From the Witch’s Bedtable

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  •  I think spirit-work and god-work might be best when it’s like Social Work, and sometimes I can’t tell the difference.  A god needs something done, and so you help.  A person wants to meet a god, and so you do what you can to help this.  A forest is in pain, or a spirit is troubled, and so you try to make this better.  Just like “normal” life, if you’ve got your eyes open, if you’re not cowering in fear of the “other,” or locked up in your car or wealth.  . . .  It only takes noticing — like it takes noticing to see a forest no one sees, to weave threads between events and events, to stitch tattered theories and misplaced theologies into a tapestry of meaning.  This is the work of a mage, the song of a bard, the lust of a priest, the love of a radical.

~ Your Face Is a Forest by Rhyd Wildermouth

  • It was England that came out slowly, as the late moon rose:  his royal realm of Gramarye.  Stretched at his feet, she spread herself away into the remotest north, leaning towards the imagined Hebrides.  She was his homely land.  The moon made her trees more important for their shadows than for themselves, picked out the silent rivers in quicksilver, smoothed the toy pasture fields, laid a soft haze on everything.  But he felt that he would have known the country, even without the light.  He knew that there must be the Severn, there the Downs, and there the Peak:  all invisible to him, but inherent in his home.  In this field a white horse must be grazing, in that some washing must be having on a hedge.  It had a necessity to be itself.  . . .  He began to love the land under him with a fierce longing, not because it was good or bad, but because it was:  because of the shadows of the corn stocks on a golden evening; because the sheep’s tails would rattle when they ran, and the lambs, sucking, would revolve their tails in little eddies; because the clouds in daylight would surge it into light and shade; because the squadrons of green and golden plover, worming in pasture fields, would advance in short, unanimous charges, head to wind; because the spinsterish herons, who kept their hair up with fishbones, according to David Garnett, would fall down in a faint if a boy could stalk them and . . . .  He found that he loved it — more than Guenever, more than Lancelot, more than Lyo-lyok.  It was his mother and his daughter.  He knew the speech of its people, would have felt it change beneath him, if he could have shot across it . . . .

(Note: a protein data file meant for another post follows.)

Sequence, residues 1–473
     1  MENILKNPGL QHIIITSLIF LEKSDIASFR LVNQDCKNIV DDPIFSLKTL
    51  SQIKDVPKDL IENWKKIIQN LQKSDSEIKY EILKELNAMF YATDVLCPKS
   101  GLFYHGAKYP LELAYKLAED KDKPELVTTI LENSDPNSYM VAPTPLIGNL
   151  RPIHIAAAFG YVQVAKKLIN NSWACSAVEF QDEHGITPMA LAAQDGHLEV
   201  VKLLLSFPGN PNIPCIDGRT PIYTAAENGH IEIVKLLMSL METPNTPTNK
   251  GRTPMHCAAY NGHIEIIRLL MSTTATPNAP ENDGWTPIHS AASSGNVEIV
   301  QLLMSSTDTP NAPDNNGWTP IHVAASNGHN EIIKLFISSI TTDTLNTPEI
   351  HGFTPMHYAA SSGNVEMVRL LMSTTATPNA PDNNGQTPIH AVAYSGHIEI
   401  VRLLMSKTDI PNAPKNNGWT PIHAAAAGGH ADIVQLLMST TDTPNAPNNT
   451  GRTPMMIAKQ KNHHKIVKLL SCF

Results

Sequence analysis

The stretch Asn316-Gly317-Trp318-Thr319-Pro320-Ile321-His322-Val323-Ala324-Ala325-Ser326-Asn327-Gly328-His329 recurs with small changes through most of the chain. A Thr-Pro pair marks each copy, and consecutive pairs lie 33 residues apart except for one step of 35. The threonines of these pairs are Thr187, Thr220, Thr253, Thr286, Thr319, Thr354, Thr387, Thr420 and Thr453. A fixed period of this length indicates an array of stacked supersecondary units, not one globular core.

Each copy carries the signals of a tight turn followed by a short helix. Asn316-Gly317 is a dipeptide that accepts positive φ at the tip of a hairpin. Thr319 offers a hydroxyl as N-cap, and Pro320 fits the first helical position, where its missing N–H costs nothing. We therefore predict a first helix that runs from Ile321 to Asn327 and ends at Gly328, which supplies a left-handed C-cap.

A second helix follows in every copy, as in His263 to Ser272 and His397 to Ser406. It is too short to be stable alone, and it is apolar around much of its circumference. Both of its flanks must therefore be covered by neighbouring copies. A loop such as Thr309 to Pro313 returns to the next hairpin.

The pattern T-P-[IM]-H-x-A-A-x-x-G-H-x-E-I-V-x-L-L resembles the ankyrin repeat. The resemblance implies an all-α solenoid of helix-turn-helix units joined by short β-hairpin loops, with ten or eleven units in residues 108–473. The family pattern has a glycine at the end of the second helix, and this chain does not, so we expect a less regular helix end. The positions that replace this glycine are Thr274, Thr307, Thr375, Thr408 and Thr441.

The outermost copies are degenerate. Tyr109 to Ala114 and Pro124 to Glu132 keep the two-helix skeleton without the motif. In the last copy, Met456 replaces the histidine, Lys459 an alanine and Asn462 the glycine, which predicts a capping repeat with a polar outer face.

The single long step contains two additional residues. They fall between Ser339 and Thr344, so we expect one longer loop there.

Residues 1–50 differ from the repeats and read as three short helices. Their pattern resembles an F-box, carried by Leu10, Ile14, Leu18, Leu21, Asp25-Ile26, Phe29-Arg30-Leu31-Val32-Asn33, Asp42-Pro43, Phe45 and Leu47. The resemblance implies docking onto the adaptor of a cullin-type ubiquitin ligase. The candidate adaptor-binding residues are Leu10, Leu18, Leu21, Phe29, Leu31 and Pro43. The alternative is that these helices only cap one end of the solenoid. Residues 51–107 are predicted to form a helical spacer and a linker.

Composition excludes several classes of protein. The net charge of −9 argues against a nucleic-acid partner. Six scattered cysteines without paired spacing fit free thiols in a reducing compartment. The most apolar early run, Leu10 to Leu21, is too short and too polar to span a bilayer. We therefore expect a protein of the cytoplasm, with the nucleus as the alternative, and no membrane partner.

~ The The Book of Merlyn by T.H. White

 

Picture found here.

 

 

 

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